Sinha, A, Gu, H, Kim, NW & Emile, R 2019, 'Signaling effects and the role of culture: movies in international auxiliary channels', European Journal of Marketing.View/Download from: UTS OPUS or Publisher's site
Bucic, T, Ngo, L & Sinha, A 2017, 'Improving the effectiveness of market oriented organisation: empirical evidence from an emerging economy', Australian Journal of Management, vol. 42, no. 2, pp. 308-327.View/Download from: UTS OPUS or Publisher's site
Ahmed, S & Sinha, A 2016, 'When It Pays to Wait: Optimizing Release Timing Decisions for Secondary Channels in the Film Industry', Journal of Marketing, vol. 80, no. 4, pp. 20-38.View/Download from: UTS OPUS or Publisher's site
This study examines the optimization of interrelease timing decisions, focusing on box office and DVD sales in the U.S.
motion picture industry. It aims to improve managerial decision making by jointly modeling the revenue in these two
channels through a copula modeling approach. As in previous studies, the authors find that the time lag from box office
release to DVD release should be increased to optimize total movie performance, but they conclude that previous
studies have systematically underestimated the optimal time lag. This study is the first to challenge the assumption of a
negative decay in DVD performance as a function of time; its results suggest that a delayed DVD release is still optimal
for maximizing revenue in the DVD channel. This study's model suggests that, on average, individual movies are
approximately eight weeks away from their optimal lag and that the net impact of optimizing would be improvements in
total and DVD revenue by 2.5% and 5.6%, respectively. Therefore, this model is expected to enhance managerial
decision making by offering the ability to predict the optimal time lag for individual movies.
An area that has seen relatively little attention in the marketing arena is marketing related law and in particular, research that addresses why firms transgress marketing law. Since the 1970s, a number of theories regarding the determinants of unethical and illegal firm behavior have been developed within marketing and other disciplines. However, empirical testing of these models provides results that are often contradictory and inconclusive. Significantly, previous empirical research fails to link previous transgressions with intent to engage in future transgressions, instead viewing transgressing the law as a static process. This research develops and tests a model of transgressing marketing law that links past transgression and intent to transgress in the future through the concept of control. The results show that while firm performance has little effect, it a lack of control (penalties, reward, risk perceptions and existence of compliance programs) that influences illegal behavior.
Sinha, A, Sahgal, A & Mathur, SK 2013, 'Practice Prize Paper Category Optimizer: A Dynamic-Assortment, New-Product-Introduction, Mix-Optimization, and Demand-Planning System', MARKETING SCIENCE, vol. 32, no. 2, pp. 221-228.View/Download from: UTS OPUS or Publisher's site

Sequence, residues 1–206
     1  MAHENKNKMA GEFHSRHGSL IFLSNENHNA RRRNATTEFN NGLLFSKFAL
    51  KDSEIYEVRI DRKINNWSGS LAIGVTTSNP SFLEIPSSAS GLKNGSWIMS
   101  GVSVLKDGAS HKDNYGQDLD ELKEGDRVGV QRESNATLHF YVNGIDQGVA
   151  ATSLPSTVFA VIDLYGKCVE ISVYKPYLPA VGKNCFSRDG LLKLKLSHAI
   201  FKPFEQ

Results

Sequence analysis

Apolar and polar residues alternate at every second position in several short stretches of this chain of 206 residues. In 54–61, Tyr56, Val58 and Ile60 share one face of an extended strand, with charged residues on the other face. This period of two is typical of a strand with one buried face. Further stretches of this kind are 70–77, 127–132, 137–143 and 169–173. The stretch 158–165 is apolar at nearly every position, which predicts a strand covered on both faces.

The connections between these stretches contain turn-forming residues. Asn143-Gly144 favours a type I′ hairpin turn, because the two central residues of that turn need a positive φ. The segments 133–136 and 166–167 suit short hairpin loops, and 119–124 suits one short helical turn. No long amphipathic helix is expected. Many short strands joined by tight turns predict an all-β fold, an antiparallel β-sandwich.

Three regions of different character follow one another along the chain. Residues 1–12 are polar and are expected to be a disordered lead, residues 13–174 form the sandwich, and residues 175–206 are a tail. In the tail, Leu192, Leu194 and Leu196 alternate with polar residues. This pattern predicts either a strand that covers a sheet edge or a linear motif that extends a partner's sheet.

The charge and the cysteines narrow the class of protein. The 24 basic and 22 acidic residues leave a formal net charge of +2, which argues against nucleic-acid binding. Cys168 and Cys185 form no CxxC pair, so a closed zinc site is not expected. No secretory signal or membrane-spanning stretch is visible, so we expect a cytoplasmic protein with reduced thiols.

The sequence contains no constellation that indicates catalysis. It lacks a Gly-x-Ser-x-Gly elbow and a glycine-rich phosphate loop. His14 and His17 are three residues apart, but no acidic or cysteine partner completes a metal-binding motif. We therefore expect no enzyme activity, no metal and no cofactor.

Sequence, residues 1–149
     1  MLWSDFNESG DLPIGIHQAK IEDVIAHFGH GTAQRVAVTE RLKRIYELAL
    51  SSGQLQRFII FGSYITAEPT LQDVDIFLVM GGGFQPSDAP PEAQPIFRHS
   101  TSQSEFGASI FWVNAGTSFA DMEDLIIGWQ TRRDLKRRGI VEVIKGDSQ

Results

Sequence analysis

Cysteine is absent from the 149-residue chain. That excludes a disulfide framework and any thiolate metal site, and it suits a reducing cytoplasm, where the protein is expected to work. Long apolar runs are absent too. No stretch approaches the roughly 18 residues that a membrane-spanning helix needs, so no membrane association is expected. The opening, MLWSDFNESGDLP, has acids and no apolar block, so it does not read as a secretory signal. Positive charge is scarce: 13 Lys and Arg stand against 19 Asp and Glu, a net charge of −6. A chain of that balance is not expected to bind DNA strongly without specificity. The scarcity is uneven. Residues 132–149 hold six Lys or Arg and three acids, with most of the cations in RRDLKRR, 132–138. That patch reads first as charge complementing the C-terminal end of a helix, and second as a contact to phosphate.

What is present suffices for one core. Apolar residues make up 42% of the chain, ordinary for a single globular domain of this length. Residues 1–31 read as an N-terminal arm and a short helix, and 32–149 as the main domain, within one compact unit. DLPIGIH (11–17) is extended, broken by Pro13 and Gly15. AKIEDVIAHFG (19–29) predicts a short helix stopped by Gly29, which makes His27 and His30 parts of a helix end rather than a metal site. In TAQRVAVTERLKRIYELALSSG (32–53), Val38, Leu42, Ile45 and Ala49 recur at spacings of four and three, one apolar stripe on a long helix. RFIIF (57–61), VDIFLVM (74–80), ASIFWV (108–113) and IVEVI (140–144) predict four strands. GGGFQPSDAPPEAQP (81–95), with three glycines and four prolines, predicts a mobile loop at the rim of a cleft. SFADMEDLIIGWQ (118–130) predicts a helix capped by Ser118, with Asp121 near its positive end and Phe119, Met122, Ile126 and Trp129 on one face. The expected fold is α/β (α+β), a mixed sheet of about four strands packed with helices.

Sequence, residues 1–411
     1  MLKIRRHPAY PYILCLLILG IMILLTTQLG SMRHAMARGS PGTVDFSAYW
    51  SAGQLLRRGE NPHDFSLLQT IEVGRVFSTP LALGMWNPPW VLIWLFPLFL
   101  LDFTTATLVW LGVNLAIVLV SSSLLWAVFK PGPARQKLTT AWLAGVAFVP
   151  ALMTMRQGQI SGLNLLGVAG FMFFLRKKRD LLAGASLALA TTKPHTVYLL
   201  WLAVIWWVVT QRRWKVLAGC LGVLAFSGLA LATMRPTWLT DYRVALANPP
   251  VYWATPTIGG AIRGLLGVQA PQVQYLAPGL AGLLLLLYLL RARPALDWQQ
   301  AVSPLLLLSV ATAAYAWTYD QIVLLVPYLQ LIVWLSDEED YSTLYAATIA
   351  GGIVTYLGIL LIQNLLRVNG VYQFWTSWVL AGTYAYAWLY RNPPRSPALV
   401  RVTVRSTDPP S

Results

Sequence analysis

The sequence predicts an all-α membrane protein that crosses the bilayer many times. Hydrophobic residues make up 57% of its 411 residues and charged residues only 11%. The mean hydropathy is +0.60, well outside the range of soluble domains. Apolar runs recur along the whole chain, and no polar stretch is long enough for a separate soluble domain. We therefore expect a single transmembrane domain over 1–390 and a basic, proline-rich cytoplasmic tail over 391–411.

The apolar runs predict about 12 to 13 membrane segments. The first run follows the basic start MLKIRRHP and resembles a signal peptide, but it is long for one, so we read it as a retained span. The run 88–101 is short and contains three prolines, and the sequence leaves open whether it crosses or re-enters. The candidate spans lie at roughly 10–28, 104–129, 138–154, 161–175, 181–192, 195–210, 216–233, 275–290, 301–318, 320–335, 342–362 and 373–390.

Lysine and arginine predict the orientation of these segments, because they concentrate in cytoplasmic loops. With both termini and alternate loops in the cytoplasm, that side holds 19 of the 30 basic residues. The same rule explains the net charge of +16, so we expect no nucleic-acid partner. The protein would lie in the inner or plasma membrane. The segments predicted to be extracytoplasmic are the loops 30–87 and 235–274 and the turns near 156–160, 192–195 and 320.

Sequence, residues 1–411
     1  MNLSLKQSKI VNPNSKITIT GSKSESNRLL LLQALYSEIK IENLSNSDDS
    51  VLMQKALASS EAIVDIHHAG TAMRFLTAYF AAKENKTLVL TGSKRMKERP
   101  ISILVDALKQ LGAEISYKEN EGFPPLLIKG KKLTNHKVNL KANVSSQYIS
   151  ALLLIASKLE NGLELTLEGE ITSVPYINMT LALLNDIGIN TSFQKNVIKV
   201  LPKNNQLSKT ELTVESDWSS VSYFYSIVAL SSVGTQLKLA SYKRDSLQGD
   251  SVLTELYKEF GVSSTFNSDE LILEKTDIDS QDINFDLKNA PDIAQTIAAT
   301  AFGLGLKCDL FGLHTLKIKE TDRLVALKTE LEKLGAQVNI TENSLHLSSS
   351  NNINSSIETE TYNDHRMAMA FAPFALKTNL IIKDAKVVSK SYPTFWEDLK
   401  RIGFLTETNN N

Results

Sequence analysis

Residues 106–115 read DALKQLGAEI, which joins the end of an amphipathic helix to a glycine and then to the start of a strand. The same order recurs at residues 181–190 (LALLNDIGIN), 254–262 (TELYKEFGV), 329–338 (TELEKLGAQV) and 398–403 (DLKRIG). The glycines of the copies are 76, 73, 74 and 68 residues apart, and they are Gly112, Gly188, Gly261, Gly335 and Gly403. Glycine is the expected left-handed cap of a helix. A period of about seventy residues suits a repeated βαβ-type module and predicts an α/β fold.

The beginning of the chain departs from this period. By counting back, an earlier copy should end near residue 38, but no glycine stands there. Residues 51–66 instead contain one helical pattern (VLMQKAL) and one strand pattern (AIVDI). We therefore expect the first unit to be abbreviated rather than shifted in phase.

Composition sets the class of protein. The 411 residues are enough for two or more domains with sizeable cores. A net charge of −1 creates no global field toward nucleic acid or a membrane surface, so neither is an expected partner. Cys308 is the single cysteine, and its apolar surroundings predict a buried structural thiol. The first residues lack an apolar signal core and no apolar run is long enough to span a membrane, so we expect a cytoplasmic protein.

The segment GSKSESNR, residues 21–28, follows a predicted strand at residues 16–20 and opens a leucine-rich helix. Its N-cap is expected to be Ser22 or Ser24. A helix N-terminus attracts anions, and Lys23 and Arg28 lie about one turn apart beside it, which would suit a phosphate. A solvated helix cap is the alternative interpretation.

Malik, A, Sinha, A & Blumenfeld, S 2012, 'Role of quality management capabilities in developing market-based organisational learning capabilities: Case study evidence from four Indian business process outsourcing firms', INDUSTRIAL MARKETING MANAGEMENT, vol. 41, no. 4, pp. 639-648.View/Download from: UTS OPUS or Publisher's site
Sinha, A & Gazley, A 2012, 'Special Issue on Revenue and Pricing Management Models in Marketing: Guest Editorial', Journal of Revenue and Pricing Management, vol. 11, no. 1, pp. 251-252.
Sinha, A & Sahgal, A 2012, 'Retail revenue optimization: The past, the present and the future', Journal of Revenue and Pricing Management, vol. 11, no. 3, pp. 319-321.View/Download from: UTS OPUS or Publisher's site
Retail Revenue Optimization is an area that has received widespread attention both by practitioners and academics alike. Grappling with the reality of reduced consumer spending and squeeze on profit margins, retailers are turning to companies that can peer into the mind of the consumer to make more informed and effective decisions. One such solution embeds pricing within the Enterprise Resource Planning system. We discuss several advancements in this area over the last decade, and conclude with a brief discussion of unresolved issues that require further attention. © 2012 Macmillan Publishers Ltd.
Sinha, A 2011, 'Practical pricing: Translating pricing theory into sustainable profit improvement', Journal of Revenue and Pricing Management, vol. 10, no. 2, pp. 195-196.View/Download from: UTS OPUS or Publisher's site
Vowles, N, Thirkell, P & Sinha, A 2011, 'Different determinants at different times: B2B adoption of a radical innovation', JOURNAL OF BUSINESS RESEARCH, vol. 64, no. 11, pp. 1162-1168.View/Download from: UTS OPUS or Publisher's site
Inman, JJ, Park, J & Sinha, A 2008, 'A dynamic choice map approach to modeling attribute-level varied behavior among stockkeeping units', JOURNAL OF MARKETING RESEARCH, vol. 45, no. 1, pp. 94-103.View/Download from: Publisher's site